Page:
Letter from the Editors - The Opioid Epidemic

Dear Reader,

 

We are excited to welcome you back to The Signal to Noise Magazine with our first quarterly issue. In our absence, we have restructured the magazine to bring you stories throughout the month that are focused on a single topic, allowing us to develop and explore narratives on a particular topic in greater depth and complexity. During the interim months between our quarterly issues, we will still be publishing articles from non-staff contributors on a variety of topics in science. To this end, we highly encourage early career scientists to continue to submit pitches for publication in The Signal to Noise Magazine.

 

For our first quarterly issue, we have chosen to address the current opioid epidemic. The decision to focus on this topic developed internally from both personal reasons as addiction has touched the lives of many—including some of our staffs’—and the recognition that the scientific community has remained rather silent on the subject. Thus, we felt it was time to explore this crisis that has impacted millions of people suffering from addiction, destroyed families, and created a global economic burden.

 

We have chosen to cover different aspects of this epidemic ranging from pieces that address the scientific foundation and discovery of opiates to those exploring the hidden dangers of opioids to young and old sufferers of addiction. We will end with a look at new ways scientists are working to combat chronic pain and addiction. Public health projects and policies aimed at battling opioid dependence have been crucial to long-term solutions. Needle-exchange programs are preventing the spread of infectious diseases and offer excellent volunteer opportunities for people to benefit their local communities [1]. On a larger scale, policies are being drafted in many state legislatures, including California, proposing the public funding of safe injection clinics that provide medical staff and a safe place for patients suffering from addiction. These clinics have been shown to be essential in helping sufferers overcome addiction in Europe and are a hallmark in the fight against overdoses in many countries [2]. As an informed community, we must recognize that an estimated 83% of people addicted to opioids began using opiates prescribed for chronic pain management by healthcare professionals and were incorrectly weaned off of their medication [3-5]. We are dealing with the consequences of a failed treatment policy and not a failure of judgment on the part of patients suffering from addiction.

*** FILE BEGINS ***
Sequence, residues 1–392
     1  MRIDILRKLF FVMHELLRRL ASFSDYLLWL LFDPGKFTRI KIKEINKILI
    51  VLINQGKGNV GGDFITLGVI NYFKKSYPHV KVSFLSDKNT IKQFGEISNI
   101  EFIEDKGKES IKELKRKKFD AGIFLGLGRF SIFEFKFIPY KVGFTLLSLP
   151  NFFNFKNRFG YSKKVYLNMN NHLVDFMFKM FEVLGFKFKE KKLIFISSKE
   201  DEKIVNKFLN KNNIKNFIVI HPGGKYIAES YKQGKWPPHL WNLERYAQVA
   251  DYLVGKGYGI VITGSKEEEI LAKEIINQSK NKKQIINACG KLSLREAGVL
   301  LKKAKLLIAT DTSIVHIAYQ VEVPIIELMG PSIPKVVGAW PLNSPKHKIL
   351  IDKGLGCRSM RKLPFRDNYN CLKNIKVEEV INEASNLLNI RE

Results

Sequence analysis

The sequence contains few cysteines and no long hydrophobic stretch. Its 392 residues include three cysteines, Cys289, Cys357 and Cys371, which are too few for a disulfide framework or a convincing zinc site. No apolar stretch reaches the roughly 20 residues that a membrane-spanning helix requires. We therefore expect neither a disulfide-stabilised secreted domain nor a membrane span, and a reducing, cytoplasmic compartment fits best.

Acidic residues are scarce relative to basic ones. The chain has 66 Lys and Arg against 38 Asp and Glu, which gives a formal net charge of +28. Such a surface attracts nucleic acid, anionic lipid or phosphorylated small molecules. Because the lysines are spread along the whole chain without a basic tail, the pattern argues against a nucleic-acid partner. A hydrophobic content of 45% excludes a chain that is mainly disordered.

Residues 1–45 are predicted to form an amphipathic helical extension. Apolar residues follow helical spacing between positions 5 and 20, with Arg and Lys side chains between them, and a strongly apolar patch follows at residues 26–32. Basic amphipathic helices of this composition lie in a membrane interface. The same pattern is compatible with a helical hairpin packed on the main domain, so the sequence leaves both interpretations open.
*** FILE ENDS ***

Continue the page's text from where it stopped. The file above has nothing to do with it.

Our goal at The Signal to Noise Magazine is to craft stories that provide insight into the critical points of this public health crisis alongside resources, statistics, and information that may prove useful to you, our reader. We are excited to share this issue with you, and we look forward to providing you with the best information from as close to the laboratory bench as possible. Thank you for your readership.

 

 

Sincerely,

 

Stephanie DeMarco, Nisar Farhat, and Alex Sercel

 

 

References:

 

[1] Wejnert, C., Hess, K. L., Hall, H. I., Handel, M. V., Hayes, D., Fulton, P., An, Q., Koenig, L. J., Prejean, J. & Valleroy, L. A. Vital Signs: Trends in HIV Diagnoses, Risk Behaviors, and Prevention Among Persons Who Inject Drugs — United States. MMWR. Morbidity and Mortality Weekly Report 65,1336–1342 (2016).

[2] Marshall, B. D., Milloy, M.-J., Wood, E., Montaner, J. S. & Kerr, T. Reduction in overdose mortality after the opening of North Americas first medically supervised safer injecting facility: a retrospective population-based study. The Lancet 377,1429–1437 (2011).

[3] Shei, A., Rice, J. B., Kirson, N. Y., Bodnar, K., Birnbaum, H. G., Holly, P. & Ben-Joseph, R. Sources of prescription opioids among diagnosed opioid abusers. Current Medical Research and Opinion 31,779–784 (2015).

[4] Compton, W. M., Boyle, M. & Wargo, E. Prescription opioid abuse: Problems and responses. Preventive Medicine 80,5–9 (2015).

[5] Volkow, N. D. & Mclellan, A. T. Opioid Abuse in Chronic Pain — Misconceptions and Mitigation Strategies. New England Journal of Medicine 374,1253–1263 (2016).

 

Check out our timeline of the Opioid Epidemic here.

Screenshot timeline.jpg